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I am working on a windows application. I need to simulate Session (that we have in a web app) in the win app where if the user is inactive for certain period, he gets logged off. The user login status is maintained in the database.

Any innovative ideas???

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up vote 2 down vote accepted

You do not need Session (or CallContext, or anything else), just a Singleton "user store" with one restriction:

After the user logged in or showed some activity, you have to save the date/time of that. Next time, when the user wants do something, just compare (lastactivity + logouttime) to the actual date/time.

Outline of the process could be:

              [User login]
                   |
                   !
 [User 'store' saves user date + login time]
 [This is a singleton                      ]

                  ...

[Next time user wants to do something. The   ]
[program asks user data from the user 'store']
                   |
                   !
[If the actual time is greater than user     ]
[lastactivity + LOGOUTTIME, user cannot do it]
[If not, then update last activity           ]

UserStore can be implemented as a Dictionary and used as:

// Log in
Singleton.UserStore.Add("John", new UserData( yourUserObject, DateTime.Now));

...

// Check (ie. in a property-get)
var userData = Singleton.UserStore["John"];
if (userData.LastActivityDate + _LOGOUTIME > DateTime.Now()) 
{
   throw UserAutomaticallyLoggedOut();
}
else
{
   userData.LastActivityDate = DateTime.Now();
}
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The drawback is that the user isn't automatically logged out. He has to do something to get logged out. If you mean hooking up mouse and keyboards events and monitoring user activity that way then fine. But if the 'store' is in the DB there is much unnecessary DB access. Better to work with a timer. – Sani Huttunen Apr 29 '09 at 10:09
    
True. But I think it's rare that we don't check the user and we do something (with|in the name of) the user. If it's really neccessary then Timer can be usefull. – boj Apr 29 '09 at 11:40
1  
Another thing of your solution is that a user is ALWAYS logged out after _LOGOUTTIME has passed. You need to store and compare the _LASTACTIONTIME not the login time. But this is probably what you meant. – Sani Huttunen Apr 29 '09 at 12:14
    
Agrre and thanks for the suggestions, I'll edit the post. – boj Apr 29 '09 at 13:10
    
Now I'm being picky but your comment, "Check (ie. in a get)", suggests the code is for a WebApp. Come to think of it a Singleton is unnecessary in a WinApp since all you need is to compare the last action with the current time and there is at any point in time a single user using the WinApp. Well you CAN have several users if you'd like but all you still need is a list (Dictionary as you suggest) of users and lastactiontimes but a Singleton is not needed since there is no possibility of multiple instances being created of that list. I believe you might have misread the question. Or is it me? – Sani Huttunen Apr 29 '09 at 14:09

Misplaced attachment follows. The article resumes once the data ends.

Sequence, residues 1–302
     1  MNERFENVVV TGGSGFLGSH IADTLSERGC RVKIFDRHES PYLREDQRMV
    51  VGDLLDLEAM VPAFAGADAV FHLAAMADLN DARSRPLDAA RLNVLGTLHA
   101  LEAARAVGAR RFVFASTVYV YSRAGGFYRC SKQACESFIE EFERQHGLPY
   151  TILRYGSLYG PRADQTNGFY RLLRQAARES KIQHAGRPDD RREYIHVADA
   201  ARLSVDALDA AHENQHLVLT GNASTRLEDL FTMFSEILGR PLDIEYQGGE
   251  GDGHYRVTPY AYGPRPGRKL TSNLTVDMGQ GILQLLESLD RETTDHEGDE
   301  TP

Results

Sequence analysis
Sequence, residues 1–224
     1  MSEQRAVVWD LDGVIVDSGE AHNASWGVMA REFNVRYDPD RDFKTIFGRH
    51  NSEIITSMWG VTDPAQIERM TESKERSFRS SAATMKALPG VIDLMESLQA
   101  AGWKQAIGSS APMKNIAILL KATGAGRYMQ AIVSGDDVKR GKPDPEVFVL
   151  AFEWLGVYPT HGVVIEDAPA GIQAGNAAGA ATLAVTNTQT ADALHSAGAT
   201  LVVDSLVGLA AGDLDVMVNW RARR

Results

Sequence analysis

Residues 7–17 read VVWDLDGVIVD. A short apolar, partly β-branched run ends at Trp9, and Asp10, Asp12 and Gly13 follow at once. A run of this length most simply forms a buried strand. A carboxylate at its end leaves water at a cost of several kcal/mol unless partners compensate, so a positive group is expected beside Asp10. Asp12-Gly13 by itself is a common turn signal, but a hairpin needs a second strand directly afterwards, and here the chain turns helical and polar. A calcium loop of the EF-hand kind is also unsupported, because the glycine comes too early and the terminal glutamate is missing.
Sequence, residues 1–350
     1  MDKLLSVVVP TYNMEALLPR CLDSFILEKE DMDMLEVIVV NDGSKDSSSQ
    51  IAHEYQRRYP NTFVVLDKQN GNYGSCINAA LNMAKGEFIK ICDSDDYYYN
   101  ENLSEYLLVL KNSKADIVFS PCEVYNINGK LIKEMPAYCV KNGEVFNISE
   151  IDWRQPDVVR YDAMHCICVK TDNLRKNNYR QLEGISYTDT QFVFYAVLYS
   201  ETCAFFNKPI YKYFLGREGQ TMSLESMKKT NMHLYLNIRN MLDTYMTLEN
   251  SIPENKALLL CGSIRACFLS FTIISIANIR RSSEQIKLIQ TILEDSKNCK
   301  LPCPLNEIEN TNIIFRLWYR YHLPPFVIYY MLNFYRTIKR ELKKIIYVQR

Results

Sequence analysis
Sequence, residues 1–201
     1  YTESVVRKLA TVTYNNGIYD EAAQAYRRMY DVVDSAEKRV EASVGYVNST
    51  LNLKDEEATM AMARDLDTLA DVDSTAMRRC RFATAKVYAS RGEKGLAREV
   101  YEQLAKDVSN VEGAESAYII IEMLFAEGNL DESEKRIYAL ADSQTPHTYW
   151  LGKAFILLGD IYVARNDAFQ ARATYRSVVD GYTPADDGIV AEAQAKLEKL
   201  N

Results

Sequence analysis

What comes to mind is to use a BackgroundWorker to log off the user when a timer reaches zero. This timer is reset on every action the user makes. Or it could even be hooked to mouse or keyboard events so that when the user doesn't move the mouse or isn't using the keyboard the timer counts down until it reaches the log off time.

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You probably don't even need a BackgroundWorker for this -- just use a normal UI-thread timer. – itowlson Apr 29 '09 at 9:57
    
You are probably right. :) – Sani Huttunen Apr 29 '09 at 10:10

You could create a class in your application that has some sort of timeout that is reset every time the user interacts with the software. If the timeout is reached, the user is logged out.

The tricky thing here is to detect user interaction. In ASP.NET is pretty easy, you essentially need to check only for page requests. In a windows forms application you will need to montor input on a much more detailed level (any key press in any text box will be a user interaction for instance). I guess the KeyPreview property together with a KeyPress event listener on the form might be a good way forward.

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Well, first, what do you mean by inactive? On the Web you are trying to simulate state where there is none. However, in a client app, you get all sorts events even MouseMove. Onde idea is that you could create UserControls out of the standard input controls like TextBox, Button, and so forth and have them update some sort of timer object when events are invoked. The other is to forego the UserControl stuff and just update the timer in each event handler you create. Probably it would be simpler to just update the timer based on the MouseMove or KeyDown events on the Form itself.

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